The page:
A few weeks ago I had read an article in the Washington Post about the effect of absenteeism on increased stress and lowered morale in the workplace…and couldn’t help but to think: “No Shit Sherlock!” (Way to go SHRM and Kronos for surveying the obvious!) Most people will agree that those in an unhealthy relationship with their co-workers will adapt their behaviors in the workplace in order to protect themselves (as best as they can) from the effects of the unhealthy relationship.

I did try to do some reflecting on my part to ensure that I wasn’t letting my actions as a manager be influenced by my emotions as an employee, which in all honesty were in the shitter. I thought back to the employee’s reproach of being treated like a second class employee, and I asked myself, were my actions biased?

As an employee, I was tired of constantly dealing with the unexpected changes to my schedule, the last-minute scrambling to find coverage, the added workload, in the end; my low-morale began to show in my work ethic…I was beyond disengaged.

Regardless of how I felt about my own employment situation, I felt comfortable knowing that I was acting in the best interests of the business (btw…”in the best interest of the business” tends to be the ugly side of HR most of the times…but that’s a completely separate post) when it came to how I disciplined this employee. Their was a fair balance in taking into consideration both employee needs and the needs of the business. Yet, we all know that at the end of the day, business needs will always prevail…regardless of how shitty that sounds.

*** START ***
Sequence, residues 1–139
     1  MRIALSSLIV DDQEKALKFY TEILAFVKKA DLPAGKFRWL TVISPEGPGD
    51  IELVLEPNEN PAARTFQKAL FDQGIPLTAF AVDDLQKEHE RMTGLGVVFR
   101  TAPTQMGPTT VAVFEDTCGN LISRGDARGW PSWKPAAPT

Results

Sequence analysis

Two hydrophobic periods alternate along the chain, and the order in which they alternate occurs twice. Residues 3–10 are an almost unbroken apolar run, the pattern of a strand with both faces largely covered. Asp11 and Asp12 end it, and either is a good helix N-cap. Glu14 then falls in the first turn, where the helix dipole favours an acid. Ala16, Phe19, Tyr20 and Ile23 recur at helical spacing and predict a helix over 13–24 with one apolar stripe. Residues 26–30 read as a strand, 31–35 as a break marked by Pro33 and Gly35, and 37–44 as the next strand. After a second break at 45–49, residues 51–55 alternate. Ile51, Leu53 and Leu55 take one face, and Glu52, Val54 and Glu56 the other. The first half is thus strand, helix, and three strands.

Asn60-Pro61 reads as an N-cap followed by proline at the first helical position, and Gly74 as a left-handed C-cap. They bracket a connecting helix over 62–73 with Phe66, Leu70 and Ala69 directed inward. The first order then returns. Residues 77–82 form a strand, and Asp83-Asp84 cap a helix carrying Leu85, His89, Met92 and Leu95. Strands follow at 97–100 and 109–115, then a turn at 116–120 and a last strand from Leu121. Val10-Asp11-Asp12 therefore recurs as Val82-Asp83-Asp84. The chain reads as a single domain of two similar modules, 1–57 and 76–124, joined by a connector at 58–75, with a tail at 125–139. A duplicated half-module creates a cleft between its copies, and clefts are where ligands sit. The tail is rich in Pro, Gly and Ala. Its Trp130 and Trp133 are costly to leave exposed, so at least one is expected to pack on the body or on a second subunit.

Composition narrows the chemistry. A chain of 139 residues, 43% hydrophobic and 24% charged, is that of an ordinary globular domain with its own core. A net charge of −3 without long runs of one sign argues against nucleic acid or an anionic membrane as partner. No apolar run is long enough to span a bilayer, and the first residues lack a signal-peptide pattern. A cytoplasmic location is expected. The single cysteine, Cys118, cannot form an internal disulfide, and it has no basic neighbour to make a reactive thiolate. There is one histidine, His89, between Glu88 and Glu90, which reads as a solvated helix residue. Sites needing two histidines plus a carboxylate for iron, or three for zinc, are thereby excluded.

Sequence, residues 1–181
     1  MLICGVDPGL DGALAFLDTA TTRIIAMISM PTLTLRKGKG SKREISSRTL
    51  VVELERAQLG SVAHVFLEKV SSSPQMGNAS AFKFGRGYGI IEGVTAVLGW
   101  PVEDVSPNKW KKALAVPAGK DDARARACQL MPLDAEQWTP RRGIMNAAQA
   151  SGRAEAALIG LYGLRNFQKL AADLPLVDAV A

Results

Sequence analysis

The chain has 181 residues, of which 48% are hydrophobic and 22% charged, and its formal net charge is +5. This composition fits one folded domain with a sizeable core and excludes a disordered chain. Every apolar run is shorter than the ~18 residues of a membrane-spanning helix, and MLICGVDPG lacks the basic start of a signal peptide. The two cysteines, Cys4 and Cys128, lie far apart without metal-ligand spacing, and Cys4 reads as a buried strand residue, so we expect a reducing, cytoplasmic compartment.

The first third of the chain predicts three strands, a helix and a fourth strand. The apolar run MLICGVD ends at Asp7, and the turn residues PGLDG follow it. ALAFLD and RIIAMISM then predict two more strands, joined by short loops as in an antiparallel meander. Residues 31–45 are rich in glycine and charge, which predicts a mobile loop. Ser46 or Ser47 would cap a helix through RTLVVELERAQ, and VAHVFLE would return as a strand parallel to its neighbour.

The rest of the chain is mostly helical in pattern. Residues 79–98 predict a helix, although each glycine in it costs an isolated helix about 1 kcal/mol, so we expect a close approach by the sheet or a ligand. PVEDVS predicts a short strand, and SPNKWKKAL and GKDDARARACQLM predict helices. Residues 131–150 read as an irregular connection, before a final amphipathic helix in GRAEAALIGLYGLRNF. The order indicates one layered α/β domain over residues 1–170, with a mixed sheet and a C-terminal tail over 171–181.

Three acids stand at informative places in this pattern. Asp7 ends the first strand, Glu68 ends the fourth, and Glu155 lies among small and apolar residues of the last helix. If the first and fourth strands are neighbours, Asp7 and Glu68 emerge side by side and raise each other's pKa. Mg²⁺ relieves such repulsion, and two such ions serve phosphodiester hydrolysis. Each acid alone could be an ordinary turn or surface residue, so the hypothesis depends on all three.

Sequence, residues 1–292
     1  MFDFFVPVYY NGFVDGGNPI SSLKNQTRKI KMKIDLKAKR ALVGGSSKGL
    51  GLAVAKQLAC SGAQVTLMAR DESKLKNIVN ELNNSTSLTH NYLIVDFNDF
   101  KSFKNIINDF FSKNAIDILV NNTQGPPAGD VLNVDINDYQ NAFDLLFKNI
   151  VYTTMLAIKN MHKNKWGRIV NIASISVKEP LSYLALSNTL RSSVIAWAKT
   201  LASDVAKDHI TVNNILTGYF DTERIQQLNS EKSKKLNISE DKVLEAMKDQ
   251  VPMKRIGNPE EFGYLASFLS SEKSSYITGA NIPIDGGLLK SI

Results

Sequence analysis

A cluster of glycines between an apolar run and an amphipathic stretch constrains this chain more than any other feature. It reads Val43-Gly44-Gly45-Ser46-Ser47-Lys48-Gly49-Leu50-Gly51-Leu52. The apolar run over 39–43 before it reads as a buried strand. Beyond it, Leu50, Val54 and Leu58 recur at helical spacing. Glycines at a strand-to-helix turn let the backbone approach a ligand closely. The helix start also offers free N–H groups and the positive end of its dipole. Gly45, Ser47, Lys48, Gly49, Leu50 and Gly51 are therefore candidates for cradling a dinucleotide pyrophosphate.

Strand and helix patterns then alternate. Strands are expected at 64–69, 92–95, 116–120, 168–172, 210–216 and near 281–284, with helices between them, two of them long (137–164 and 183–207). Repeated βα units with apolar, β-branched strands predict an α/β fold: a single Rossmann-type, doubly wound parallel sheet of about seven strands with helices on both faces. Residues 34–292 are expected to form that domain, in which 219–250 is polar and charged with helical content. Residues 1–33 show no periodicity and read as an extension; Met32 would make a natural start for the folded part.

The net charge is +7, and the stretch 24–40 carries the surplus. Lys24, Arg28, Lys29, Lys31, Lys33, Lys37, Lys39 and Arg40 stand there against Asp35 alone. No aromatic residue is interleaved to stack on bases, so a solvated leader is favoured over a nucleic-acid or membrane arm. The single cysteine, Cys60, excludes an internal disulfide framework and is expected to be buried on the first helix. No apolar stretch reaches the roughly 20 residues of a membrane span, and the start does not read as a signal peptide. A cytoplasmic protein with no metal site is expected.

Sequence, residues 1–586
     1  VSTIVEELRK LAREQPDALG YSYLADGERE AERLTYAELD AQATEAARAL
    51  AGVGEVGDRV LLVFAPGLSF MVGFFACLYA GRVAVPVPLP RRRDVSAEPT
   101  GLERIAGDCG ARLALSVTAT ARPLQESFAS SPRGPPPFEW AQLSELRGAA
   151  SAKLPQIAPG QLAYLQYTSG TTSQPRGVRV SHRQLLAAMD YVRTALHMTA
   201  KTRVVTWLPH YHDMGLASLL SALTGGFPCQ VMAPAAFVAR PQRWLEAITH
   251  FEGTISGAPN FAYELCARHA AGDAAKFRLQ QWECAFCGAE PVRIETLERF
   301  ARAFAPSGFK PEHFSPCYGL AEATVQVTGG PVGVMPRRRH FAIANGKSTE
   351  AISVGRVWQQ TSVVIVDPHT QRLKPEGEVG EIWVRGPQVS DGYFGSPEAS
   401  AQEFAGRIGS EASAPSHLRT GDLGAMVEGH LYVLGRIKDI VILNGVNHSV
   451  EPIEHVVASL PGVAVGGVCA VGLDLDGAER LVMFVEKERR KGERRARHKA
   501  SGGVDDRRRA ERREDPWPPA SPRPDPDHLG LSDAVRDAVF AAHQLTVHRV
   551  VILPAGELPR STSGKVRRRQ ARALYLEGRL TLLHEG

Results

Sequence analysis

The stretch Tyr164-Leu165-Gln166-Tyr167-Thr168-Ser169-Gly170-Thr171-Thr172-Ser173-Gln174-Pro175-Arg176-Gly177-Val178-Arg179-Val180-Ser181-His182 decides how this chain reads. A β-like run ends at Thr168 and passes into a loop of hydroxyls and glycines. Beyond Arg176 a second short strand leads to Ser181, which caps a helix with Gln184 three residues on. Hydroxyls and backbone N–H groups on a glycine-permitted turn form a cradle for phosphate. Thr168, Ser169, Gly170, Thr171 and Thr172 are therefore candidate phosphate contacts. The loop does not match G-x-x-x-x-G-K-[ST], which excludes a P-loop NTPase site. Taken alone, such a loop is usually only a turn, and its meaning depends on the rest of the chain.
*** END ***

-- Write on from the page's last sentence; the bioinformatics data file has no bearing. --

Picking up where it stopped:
Moral of the story: regardless of how well you’re doing at managing your employees per your companies guidelines, human relations are far more complex than can be captured in any employee handbook. When it comes to managing up or managing out an employee, communication is going to be an essential element of the process to ensure that the employee understands why things are happening. Never-the-less, this process is probably going to suck as much for you as it does for the employee (unless you’re one of those people who enjoys the misery of others – to which I say…get the fuck out of management), be sure that you are empathetic to your employee’s emotions during this process to try to keep them focused on improvement as opposed to mentally checking out while they search for a new gig.

Photo Credit


Categories: Employee Relations

4 replies

  1. Ernie, just nodding my head “yes” while reading. Also shows how “I love people” is not a sufficient reason to want to be in HR.

    Liked by 1 person

  2. Yes, great job.

    Liked by 1 person